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The wire for the rear brake light switch runs behind the factory side cover, so Triumph saved a ha'penny on copper cost by going diagonally here. Weirdly, they simultaneously increased the copper cost by 50% by running 3 wires to the 2-terminal switch.

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Without the factory side cover, it looked sloppy so I added about 8" of wire to tuck it more neatly along the frame. It took much longer than it should have to do this,and nobody will ever notice except me. :rolleyes:

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Builder also used the wrong passenger pegs, and they interfered with the rear brake rod on the primary side. I just removed them. It's not like I'm going to be picking up a bird at the Ace Cafe anytime soon.

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Discussion Starter · #7 ·
Well, did you figure out the 3 problems in the photo above yet? If not, maybe this will help you identify one:

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Yup, the builder forgot to crimp the ferrules. He also put the pancake air filter on upside down (in my opinion anyway). I saw those problems, but didn't notice the missing seals between the petcocks and tanks until someone on another forum pointed them out. I have those on order, will have to drain the tank and install them.

Does anyone recognize this signature on the tank? Just trying to figure out who painted it, and Googling Norton and motorcycle is not helping me. :rolleyes:

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Yes I know there's still salt on the bike here, I hadn't finished cleaning at this point.

The biggest issue I'm facing is probably the centerstand lugs. They are worn after 50 years of use, and it's a bear to get the bike off the centerstand.

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Discussion Starter · #8 ·
It does run. Here it's idling pretty low. I'll probably have to do some adjustments. That said, I do like a bike that will idle low...a high idle can mask a lot of problems.


I also will have to source some mufflers. I know the muffler delete is common mod, but I prefer the look of mufflers.
 

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It does run. Here it's idling pretty low. I'll probably have to do some adjustments. That said, I do like a bike that will idle low...a high idle can mask a lot of problems.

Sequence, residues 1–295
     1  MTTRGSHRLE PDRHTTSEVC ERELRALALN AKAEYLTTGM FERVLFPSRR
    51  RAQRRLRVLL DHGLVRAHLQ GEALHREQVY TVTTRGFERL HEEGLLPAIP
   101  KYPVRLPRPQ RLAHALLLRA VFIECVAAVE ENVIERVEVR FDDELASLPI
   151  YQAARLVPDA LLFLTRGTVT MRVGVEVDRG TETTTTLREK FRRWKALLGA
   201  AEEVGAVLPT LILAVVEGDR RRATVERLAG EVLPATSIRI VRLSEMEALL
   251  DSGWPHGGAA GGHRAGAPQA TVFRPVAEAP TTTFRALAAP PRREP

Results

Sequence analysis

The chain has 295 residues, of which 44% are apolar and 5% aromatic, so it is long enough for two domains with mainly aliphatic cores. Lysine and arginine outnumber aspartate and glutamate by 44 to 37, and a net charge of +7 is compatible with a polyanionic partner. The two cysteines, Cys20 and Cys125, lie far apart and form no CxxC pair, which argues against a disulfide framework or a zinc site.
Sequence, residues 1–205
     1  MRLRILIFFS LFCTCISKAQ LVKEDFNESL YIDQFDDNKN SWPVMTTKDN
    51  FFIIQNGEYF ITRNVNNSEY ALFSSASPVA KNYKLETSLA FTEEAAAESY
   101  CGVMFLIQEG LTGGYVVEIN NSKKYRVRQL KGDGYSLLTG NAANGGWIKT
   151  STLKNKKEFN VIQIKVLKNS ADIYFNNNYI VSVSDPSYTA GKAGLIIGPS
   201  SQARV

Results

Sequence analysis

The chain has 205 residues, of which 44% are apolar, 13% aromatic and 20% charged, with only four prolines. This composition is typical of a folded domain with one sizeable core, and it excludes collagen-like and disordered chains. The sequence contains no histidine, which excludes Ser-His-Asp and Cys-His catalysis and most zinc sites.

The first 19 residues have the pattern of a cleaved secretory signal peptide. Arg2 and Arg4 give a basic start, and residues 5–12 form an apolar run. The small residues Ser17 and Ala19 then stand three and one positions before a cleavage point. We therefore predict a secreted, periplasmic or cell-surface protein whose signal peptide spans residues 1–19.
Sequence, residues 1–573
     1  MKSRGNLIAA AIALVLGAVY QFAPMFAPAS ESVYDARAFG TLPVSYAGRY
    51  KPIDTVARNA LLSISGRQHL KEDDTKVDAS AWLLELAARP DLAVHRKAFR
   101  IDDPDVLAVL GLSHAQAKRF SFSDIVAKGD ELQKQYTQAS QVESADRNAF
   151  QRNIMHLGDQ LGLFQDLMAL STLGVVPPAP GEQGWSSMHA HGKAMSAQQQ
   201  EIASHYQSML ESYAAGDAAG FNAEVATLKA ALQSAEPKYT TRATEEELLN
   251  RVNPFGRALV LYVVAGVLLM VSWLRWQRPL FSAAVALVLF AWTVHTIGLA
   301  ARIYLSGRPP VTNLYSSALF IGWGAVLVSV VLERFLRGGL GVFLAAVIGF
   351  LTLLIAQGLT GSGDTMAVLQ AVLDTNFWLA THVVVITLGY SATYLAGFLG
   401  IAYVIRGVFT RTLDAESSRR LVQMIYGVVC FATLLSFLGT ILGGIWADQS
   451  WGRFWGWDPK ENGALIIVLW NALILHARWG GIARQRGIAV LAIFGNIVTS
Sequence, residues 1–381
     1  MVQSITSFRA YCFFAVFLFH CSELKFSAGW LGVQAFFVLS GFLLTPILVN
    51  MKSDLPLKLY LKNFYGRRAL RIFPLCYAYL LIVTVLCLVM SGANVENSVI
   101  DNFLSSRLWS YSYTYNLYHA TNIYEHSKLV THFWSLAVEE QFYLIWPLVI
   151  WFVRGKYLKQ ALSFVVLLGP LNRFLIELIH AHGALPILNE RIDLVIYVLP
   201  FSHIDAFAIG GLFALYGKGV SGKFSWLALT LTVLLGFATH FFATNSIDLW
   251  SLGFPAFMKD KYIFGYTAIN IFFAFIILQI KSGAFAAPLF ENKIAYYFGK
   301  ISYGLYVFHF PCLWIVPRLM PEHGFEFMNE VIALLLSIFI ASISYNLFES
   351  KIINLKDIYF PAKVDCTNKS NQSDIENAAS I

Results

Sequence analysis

I also will have to source some mufflers. I know the muffler delete is common mod, but I prefer the look of mufflers.
Engine sounds pretty quiet IMO. Cell phones tend to pick up and amplify rattles and higher pitched engine noises.
 

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Discussion Starter · #10 ·
Engine sounds pretty quiet IMO. Cell phones tend to pick up and amplify rattles and higher pitched engine noises.
Exhaust noise volume is fine. Quieter than my Ducati 750F1 with reverse megga. I just prefer the look with mufflers.
 

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Discussion Starter · #13 ·
With spring finally arriving, I have gotten a few miles in on the Triumph. So far I really enjoy it, although it is not really comfortable :rolleyes:. Paying the price for style I guess, with the low bars and vinyl-covered plank seat.

The good: it starts really easily--especially important since it's kick only! Runs very well and I have tamed the worst of the oil leaks--it just drips a few drops after parking now. Sound is good but loud--still need to fit mufflers.

The bad: headlight is weak--will change to LED and see if that helps. Clutch is "sticky" on disengagement but I understand this is pretty common for old British wet clutches. Front brake is hilariously ineffective, at least the rear brake works well. The bike vibrates quite a bit...so much so that the license plate bracket cracked and my plate disappeared on a ride last weekend--probably sitting in the bottom of a ditch under 10" of water.

Went to a local bike night yesterday, looking forward to getting some more miles in. I made a new (stronger) license plate bracket but haven't sourced a replacement plate yet.